Dermeleve® is specifically designed to calm and soothe irritated skin, reducing itching and inflammation. Its gentle formula is suitable for all skin types, including sensitive skin, and can be used on various areas of the body, such as the face, hands, and body.

Now, Dermevele® has just released a new product, specifically formulated for scalp itch. Dermeleve® Anti-itch Scalp Serum is 100% steroid free, hypoallergenic and fragrance free. This formula has been created to reduce irritation from dry, itchy or flaky scalp skin. 

Dermeleve® Scalp Serum for Itchy Scalp

One of the key benefits of Dermeleve® is its ability to provide instant relief. This is in contrast to how long it takes for topical steroids to become effective. Instead of taking days or even weeks to get relief from hydrocortisone, Dermeleve® starts working immediately. 

Even better, Dermeleve® lasts a very long time! A single application can last for hours, offering enough relief for an entire night's sleep.

In conclusion, Dermeleve® offers a safe and effective alternative to topical steroids for managing itch and skin irritation. Its natural formula provides quick relief without the potential risks and side effects associated with steroids. By using Dermeleve®, individuals can experience the benefits of soothing and healthy skin while avoiding the concerns often associated with topical steroid use.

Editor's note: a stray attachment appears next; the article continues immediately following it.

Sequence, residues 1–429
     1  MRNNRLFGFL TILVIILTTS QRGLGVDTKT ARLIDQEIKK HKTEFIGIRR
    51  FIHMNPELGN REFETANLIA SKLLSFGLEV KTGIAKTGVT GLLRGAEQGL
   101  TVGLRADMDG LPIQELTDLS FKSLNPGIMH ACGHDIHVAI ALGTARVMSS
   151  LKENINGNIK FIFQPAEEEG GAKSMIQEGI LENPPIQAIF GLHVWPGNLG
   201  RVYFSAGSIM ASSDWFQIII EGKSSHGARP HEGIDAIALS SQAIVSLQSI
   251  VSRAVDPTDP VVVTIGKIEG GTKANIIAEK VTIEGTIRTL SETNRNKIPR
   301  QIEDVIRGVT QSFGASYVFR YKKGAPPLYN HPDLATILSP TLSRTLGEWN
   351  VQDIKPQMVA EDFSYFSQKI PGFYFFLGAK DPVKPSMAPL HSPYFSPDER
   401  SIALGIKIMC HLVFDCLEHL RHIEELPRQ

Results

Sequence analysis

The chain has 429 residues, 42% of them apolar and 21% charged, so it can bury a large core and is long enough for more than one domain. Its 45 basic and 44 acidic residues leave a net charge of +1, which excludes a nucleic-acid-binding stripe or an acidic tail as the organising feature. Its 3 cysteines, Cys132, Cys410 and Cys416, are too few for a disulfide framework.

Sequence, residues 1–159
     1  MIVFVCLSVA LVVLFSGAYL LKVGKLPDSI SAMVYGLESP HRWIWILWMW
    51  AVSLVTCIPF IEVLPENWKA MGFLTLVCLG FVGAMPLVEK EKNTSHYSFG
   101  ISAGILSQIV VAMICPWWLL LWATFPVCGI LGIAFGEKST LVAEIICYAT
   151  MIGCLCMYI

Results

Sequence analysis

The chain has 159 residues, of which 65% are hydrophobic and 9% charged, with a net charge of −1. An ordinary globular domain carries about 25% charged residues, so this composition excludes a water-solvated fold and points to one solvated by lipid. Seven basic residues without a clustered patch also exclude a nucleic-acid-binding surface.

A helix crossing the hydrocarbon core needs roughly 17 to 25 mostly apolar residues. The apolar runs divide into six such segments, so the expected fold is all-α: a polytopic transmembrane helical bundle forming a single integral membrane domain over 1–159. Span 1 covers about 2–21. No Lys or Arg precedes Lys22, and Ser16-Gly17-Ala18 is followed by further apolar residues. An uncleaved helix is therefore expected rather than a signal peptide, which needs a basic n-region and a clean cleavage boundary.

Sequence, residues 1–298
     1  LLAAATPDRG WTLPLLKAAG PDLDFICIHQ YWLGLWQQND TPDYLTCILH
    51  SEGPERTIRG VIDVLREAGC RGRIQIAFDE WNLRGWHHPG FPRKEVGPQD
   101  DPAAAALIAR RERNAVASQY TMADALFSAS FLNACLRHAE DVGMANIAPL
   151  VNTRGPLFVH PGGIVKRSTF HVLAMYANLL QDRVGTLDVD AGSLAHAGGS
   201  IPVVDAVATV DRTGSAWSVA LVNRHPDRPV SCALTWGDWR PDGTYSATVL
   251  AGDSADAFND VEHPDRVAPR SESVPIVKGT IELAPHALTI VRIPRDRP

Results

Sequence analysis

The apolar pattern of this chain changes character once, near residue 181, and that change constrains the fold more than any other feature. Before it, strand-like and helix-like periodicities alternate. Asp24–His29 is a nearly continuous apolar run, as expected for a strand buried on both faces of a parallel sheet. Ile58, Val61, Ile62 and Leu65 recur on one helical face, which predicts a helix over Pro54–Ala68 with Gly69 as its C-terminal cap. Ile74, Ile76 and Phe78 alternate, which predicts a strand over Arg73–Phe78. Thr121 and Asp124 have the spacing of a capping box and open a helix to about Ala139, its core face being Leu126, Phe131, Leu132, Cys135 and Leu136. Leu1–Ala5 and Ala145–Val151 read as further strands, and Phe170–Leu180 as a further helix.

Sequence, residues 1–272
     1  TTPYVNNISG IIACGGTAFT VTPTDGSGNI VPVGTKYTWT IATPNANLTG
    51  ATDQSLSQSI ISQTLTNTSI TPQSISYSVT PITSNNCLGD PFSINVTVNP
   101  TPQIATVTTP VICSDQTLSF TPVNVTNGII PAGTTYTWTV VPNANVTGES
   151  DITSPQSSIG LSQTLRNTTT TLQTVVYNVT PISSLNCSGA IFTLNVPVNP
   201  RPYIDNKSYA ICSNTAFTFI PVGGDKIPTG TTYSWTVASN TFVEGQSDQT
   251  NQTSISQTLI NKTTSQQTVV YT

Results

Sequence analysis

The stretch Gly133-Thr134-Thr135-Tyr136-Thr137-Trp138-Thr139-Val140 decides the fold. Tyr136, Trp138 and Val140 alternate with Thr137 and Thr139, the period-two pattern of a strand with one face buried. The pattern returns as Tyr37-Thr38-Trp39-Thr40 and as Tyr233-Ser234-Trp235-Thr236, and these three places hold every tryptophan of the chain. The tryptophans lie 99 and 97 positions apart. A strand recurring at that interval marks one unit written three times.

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Wrap Up

Still here? You made it! Let's recap what we've learned.
We took a look at the various causes of an itchy scalp a day after washing. These include dry scalp and product buildup to allergic reactions and common skin conditions.
A man in a yellow sweater experiencing relief from scalp itch with his hands on his head.

Following the suggested tips and being mindful of your hair care routine can help balance your scalp and end itching. Remember, a healthy scalp is the foundation for healthier hair.

If the itch persists despite your best efforts, it's essential to consult a dermatologist.
For fast and long lasting relief without the dangerous side effects of topical steroids, try new Dermeleve® Scalp Serum!

Want to learn more about scalp itch? Check out our YouTube video here!



Q: What are the causes of an itchy scalp?

A: There are several causes of an itchy scalp. These include dandruff and an allergic reaction to hair care products. They also include irritation from hair care products, and scalp ringworm.

Q: Why does my scalp itch a day after washing?